Michigan will face the challenge of playing in Iowa's Kinnick Stadium this weekend, a place notorious for producing upsets. File Photo/Daily. Buy this photo.

In college football, no place is more synonymous with upsets than Iowa’s Kinnick Stadium.

Maybe it’s the way 70,000 fans cave in towards the field, creating a raucous atmosphere. Maybe it’s the pink walls of the visitors’ locker room, messing with players’ pre-game routines. Maybe it’s divine intervention. 

Whatever the case, there’s something about playing in Kinnick Stadium that sends quality teams into uncharacteristic struggles. 

“As they say, (it’s where) top-five teams go to die,” Michigan coach Jim Harbaugh said Monday with a chuckle. 

For the most part, Harbaugh brushed off concerns about the location of his squad’s impending road contest this Saturday, it’s first of the season. But there is some truth behind his words. 

Dating back to 2008, Iowa is 5-1 in its last six games at home against top-five opponents — the Wolverines among them. The last time Michigan played in Iowa was 2016, when it entered the game ranked second in the country with a 9-0 record. 

But none of that mattered in Kinnick. 

The Wolverines’ offense stagnated, turned the ball over multiple times and ultimately lost 14-13 on a last second field goal, uprooting a season that seemed destined for the College Football Playoff. 

Michigan’s difficulties in Iowa actually date back even further. The Wolverines haven’t walked off that field victorious since 2005, when they won 23-20 on a walk off touchdown in overtime. Since then, they’ve lost four straight — all by one possession. 

It’s not like Michigan is incapable of getting past the Hawkeyes. Just last December, it throttled Iowa 42-3 in Indianapolis to win the Big Ten Championship. But as the Wolverines know — and Ohio State, Michigan State and Penn State can attest as well — that past success only gets you so far in Kinnick.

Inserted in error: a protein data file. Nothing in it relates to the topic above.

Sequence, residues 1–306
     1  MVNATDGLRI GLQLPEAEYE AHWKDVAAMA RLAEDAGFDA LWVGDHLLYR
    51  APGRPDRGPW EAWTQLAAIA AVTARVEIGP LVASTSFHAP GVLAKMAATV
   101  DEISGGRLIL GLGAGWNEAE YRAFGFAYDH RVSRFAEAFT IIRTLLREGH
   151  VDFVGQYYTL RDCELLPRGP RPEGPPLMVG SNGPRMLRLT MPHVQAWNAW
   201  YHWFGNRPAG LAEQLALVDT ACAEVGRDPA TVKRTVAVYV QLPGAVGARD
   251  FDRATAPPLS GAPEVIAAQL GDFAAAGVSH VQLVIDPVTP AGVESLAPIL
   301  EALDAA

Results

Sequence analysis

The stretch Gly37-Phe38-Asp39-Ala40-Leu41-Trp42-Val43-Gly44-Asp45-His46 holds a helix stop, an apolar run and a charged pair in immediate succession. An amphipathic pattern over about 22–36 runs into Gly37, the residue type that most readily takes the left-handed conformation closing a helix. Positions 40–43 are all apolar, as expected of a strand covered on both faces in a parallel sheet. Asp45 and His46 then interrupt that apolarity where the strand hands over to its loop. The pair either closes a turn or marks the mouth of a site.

“Obviously, they got their little psychological things that they do,” graduate tight end Joel Honigford said Tuesday. “The pink locker room. It’s gonna be loud. They’re going to be juiced up. We have to focus on us and stay even keel, not letting the crowd get to us and just playing our brand of football.”

In the past, Harbaugh has received criticism for his inability to lead his team into tough road environments and come out on top. That all changed last year, though, starting against Wisconsin.

Playing in Madison — a place the Wolverines hadn’t won since 2001 — they finally accomplished that feat, running away with a 38-17 win. But it wasn’t just the play on the field that led them to the long-awaited victory.

It was how they sucked the energy out of Camp Randall Stadium and made it their own, how they danced to the Badgers’ patented ‘Jump Around’ theme song, that spoke volumes. 

It was a formula that proved to be sustainable, as Michigan later escaped hostile environments in Lincoln and State College with victories. 

The Wolverines of years past may have consumed themselves with the daunting prospects of playing in Kinnick. But this new mindset, the belief that they can make hostile environments their own, has fostered a different attitude across the team.  

“I don’t think it’ll be a problem for us at all,” junior defensive tackle Kris Jenkins said of playing at Kinnick. “I think we’re really going to embody that culture that we had last year going into away games, which is just that we got to play our ball. We can’t let the atmosphere intimidate us.”

Throughout the week, Michigan has shown little interest in dwelling on the location of the game. The Wolverines instead are figuring out how they’ll move the ball against the Hawkeyes’ stingy, number-one ranked scoring defense and scheming up ways to contain Iowa’s steady ground attack

Kinnick Stadium may be a place where top-five teams go to die. The reputation is warranted. 

But the Wolverines are ready to prove that, just like last season, they can rewrite a few more narratives.